Whittling down the Oscar nominee list

OK, that subject line makes it sound like I saw several movies over the weekend that I can check off my list, but I really only saw one movie which covers several categories: Best Supporting Actor, Best Actor, Best Director, Best Original Screenplay, and Best Picture. That movie is Milk. I absolutely loved it. Sean Penn is an incredible actor and he makes you completely forget that he's Sean Penn--he's so enmeshed into the character. (Wait. Is "enmeshed" even a word? Oh good--it is, AND I used it correctly.)

Anyway, the movie is very uplifting, despite it's tragic ending, and even though it takes place in the 70s, it's very timely and relevant to the stuff going on today regarding equal rights for gay people. I think everyone should see it...it might open some minds. I thought James Franco was great, as were all the other supporting actors. Josh Brolin is nominated for Supporting Actor, and though I think he was really good, I don't think he should win the award this year. Instead, he should've been nominated and won for No Country for Old Men. Maybe this year's nomination is to make up for that. The Academy is funny that way.

In other movie news, I've had the last of the Rocky saga, Rocky Balboa, at home for many weeks from Blockbuster's Netflix-like service. Even though I'd heard many good things about it, I was just never in the mood to watch it. But, there's another Oscar nom I wanted to rent (The Visitor) and I needed my mail movie to take in to get the new one for free, so, I figured I may as well finally watch it.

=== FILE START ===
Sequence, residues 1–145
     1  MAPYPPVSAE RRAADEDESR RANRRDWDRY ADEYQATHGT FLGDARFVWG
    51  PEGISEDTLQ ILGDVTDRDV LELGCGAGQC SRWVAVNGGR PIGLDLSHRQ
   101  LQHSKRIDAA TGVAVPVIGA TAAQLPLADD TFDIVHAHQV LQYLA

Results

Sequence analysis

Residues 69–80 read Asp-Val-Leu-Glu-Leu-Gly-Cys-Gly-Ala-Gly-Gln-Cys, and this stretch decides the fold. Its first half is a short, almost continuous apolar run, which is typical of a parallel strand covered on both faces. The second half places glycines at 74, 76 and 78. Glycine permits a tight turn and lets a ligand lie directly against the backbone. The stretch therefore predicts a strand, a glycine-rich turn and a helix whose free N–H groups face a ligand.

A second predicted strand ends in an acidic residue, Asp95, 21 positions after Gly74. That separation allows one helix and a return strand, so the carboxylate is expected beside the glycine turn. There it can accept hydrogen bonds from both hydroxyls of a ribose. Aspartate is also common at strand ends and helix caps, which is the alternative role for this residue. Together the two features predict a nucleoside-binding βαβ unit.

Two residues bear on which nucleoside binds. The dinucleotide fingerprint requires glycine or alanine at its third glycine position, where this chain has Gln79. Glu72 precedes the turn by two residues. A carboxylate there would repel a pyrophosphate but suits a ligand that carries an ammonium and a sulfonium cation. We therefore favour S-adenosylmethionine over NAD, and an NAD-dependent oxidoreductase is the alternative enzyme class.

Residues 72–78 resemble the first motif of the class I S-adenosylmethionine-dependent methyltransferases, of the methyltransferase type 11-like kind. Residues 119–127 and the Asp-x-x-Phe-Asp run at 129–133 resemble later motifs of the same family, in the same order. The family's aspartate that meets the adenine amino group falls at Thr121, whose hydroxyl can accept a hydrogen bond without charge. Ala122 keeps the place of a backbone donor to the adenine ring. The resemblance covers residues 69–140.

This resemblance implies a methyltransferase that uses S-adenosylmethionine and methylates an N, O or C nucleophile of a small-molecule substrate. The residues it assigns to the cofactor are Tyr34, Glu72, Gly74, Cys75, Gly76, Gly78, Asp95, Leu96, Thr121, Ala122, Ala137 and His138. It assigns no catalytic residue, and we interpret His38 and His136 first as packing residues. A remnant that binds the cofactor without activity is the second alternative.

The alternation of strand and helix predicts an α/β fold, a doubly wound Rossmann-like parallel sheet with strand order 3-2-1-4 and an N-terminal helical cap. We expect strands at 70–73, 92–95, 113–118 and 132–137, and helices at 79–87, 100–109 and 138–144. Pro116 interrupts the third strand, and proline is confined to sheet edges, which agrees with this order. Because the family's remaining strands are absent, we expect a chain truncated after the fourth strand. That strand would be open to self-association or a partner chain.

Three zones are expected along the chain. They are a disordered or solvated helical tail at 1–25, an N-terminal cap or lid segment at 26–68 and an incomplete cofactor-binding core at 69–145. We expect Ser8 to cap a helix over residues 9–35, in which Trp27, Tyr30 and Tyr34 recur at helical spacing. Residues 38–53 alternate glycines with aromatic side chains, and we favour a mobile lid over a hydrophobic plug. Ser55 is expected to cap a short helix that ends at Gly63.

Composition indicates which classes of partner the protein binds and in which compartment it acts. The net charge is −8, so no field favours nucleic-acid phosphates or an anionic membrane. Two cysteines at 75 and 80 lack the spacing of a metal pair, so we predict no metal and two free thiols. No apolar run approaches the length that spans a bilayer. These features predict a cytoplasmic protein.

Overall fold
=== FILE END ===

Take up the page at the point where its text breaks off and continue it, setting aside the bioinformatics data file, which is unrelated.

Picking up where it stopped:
Well, shame on me for putting it off for so long. I really enjoyed it. It was more along the lines of the very first Rocky--more about his relationships with people and his life than about a big, glammed-up, over-hyped fight with Mr. T. or Dolph Lundgren. Adrian has died (was Talia Shire not interested in doing another movie??) and he's feeling unsettled. He's got one more fight in him. And on it goes. The big fight was amazing. I watched the DVD extras, and though the moves were choreographed, the hits (and sounds) were real. The opposing fighter was played by Antonio Tarver, the first light heavyweight fighter to knock out Roy Jones, Jr. Sly Stallone figured it'd be easier to teach an athlete to act, than to teach an actor to box. It was a good move. Too bad heavyweight fights nowadays aren't exciting like the one in this movie. Now the boxers just stand and hug each other round after round....there's hardly any action and it's so boring. Anyway, if you liked the first Rocky, I think you'll like this one.

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